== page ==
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      This article models tracheal angioedema (swelling) using an advanced hyperelastic theory incorporated with swelling.The deformation is solely caused by internal swelling. We have various levels of modeling considering the trachea to be idealized symmetric, non-symmetric with trachealis on the back side, and patient-specific. All these different models help us understand tracheal angioedema more profoundly. The patient-specific modeling supplies a more realistic understanding of the tracheal angioedema, and assists corresponding clinical treatment.

    8. Multiphoton microscope measurement–based biphasic multiscale analyses of knee joint articular cartilage and chondrocyte by using visco-anisotropic hyperelastic finite element method and smoothed particle hydrodynamics method

      Eiji Nakamachi, Tomohiro Noma, Kaito Nakahara, Yoshihiro Tomita and Yusuke Morita

      Version of Record online: 3 MAR 2017 | DOI: 10.1002/cnm.2864

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      We developed a biphasic multiscale analysis code to evaluate the stress occurred in the chondrocyte cell of articular cartilage to elucidate the metabolic activity for regeneration and the injury. We determined RVE for microscale FE models by using MPM measured results. We evaluated stresses in the chondrocyte caused by the normal compressive loading. Our numerical code can be applied for accurate stress evaluations by using more detail experimental results for material properties identification.


    1. Aerosol transport throughout inspiration and expiration in the pulmonary airways

      Jessica M. Oakes, Shawn C. Shadden, Céline Grandmont and Irene E. Vignon-Clementel

      Version of Record online: 24 FEB 2017 | DOI: 10.1002/cnm.2847

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      Little is known about transport throughout the respiration cycle in the conducting airways. It is challenging to describe the time-dependent number of particles entering back into the airways during exhalation. Modeling the full lung is not feasible; hence, multi-domain methods must be employed. Here, we present a new framework that is designed to simulate particles throughout the respiration cycle. The in silico model was parametrized following rat exposure experiments and model predictions were compared to the experimental data.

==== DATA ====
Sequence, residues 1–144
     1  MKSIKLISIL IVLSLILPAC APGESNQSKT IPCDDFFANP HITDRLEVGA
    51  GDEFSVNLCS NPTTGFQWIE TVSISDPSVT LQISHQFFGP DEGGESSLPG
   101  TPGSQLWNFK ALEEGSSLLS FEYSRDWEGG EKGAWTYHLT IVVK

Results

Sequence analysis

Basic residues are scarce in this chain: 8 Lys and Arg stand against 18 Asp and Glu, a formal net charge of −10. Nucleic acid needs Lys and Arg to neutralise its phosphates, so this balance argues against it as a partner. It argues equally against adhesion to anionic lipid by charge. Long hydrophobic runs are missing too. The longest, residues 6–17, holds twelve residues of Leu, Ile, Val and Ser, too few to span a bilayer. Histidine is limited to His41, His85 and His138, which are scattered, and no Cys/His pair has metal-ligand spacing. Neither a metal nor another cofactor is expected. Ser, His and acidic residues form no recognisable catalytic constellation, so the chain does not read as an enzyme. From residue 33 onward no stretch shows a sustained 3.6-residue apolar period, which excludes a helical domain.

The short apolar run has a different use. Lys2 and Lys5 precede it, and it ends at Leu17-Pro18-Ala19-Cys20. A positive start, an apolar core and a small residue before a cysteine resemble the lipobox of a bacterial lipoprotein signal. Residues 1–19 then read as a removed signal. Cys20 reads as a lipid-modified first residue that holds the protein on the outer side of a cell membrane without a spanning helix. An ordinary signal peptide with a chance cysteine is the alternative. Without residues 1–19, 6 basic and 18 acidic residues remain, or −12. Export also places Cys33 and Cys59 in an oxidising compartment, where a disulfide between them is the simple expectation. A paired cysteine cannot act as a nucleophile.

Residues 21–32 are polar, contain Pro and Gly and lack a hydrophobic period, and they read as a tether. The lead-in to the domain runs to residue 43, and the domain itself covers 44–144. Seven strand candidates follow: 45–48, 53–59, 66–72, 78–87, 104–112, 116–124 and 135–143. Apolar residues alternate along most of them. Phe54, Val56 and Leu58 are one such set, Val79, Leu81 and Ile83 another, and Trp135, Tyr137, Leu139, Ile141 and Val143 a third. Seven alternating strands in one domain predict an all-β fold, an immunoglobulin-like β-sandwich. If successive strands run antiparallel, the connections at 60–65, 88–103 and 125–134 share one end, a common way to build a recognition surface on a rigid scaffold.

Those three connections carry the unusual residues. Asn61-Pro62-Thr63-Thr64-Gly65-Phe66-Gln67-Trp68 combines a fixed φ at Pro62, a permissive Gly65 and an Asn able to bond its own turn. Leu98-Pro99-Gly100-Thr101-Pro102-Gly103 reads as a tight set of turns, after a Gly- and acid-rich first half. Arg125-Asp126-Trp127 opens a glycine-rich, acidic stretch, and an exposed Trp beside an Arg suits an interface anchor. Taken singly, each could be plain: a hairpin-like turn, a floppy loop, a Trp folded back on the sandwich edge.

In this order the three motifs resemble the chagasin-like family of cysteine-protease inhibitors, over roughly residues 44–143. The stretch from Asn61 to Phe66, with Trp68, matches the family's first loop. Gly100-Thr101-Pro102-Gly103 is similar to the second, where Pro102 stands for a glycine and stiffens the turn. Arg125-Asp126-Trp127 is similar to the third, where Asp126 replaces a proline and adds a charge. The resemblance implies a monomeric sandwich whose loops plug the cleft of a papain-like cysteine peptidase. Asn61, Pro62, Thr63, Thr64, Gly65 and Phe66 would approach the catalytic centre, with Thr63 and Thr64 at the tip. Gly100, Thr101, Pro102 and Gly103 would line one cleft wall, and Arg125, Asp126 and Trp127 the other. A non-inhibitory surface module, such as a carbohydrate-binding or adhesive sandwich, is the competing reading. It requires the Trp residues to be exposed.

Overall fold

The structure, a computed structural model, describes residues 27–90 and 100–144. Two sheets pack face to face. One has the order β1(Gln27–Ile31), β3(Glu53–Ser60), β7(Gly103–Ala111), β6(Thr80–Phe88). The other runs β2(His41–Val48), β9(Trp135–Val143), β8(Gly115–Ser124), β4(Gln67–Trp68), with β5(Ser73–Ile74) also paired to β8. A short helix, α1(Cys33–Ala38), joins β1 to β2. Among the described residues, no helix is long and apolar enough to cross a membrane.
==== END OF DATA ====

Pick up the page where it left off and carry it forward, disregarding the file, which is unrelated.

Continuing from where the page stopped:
1. Uncertainty quantification of inflow boundary condition and proximal arterial stiffness–coupled effect on pulse wave propagation in a vascular network

      Antoine Brault, Laurent Dumas and Didier Lucor

      Version of Record online: 24 FEB 2017 | DOI: 10.1002/cnm.2859

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      A stochastic sparse pseudospectral polynomial approximation is deployed to quantify the effect of cardiac output uncertainties on a human compliant arterial network response based on a reduced-order pulse wave propagation model. Natural spatial variability of the aortic wall stiffness properties is modeled with a continuous random field representation. The proposed numerical method accurately predicts the sensitivity of central and peripheral pulse pressure and pressure waves reflection to the considered parametric uncertainties.


    1. A monolithic 3D-0D coupled closed-loop model of the heart and the vascular system: Experiment-based parameter estimation for patient-specific cardiac mechanics

      Marc Hirschvogel, Marina Bassilious, Lasse Jagschies, Stephen M. Wildhirt and Michael W. Gee

      Version of Record online: 16 FEB 2017 | DOI: 10.1002/cnm.2842

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      We present a model for patient-specific cardiac mechanics, incorporating a 3D finite element ventricular model coupled to a reduced-order 0D closed-loop vascular system, heart valve, and atrial chamber model. The coupled problem is consistently linearized with respect to 3D structural and 0D vascular unknowns and iteratively solved in one monolithic Newton iteration using physics-based block preconditioning. Efficient strategies for calibrating active contractile and vascular resistance parameters to experimental data gained in porcine experiments are presented, proposing a novel 2-level nonlinear optimization procedure.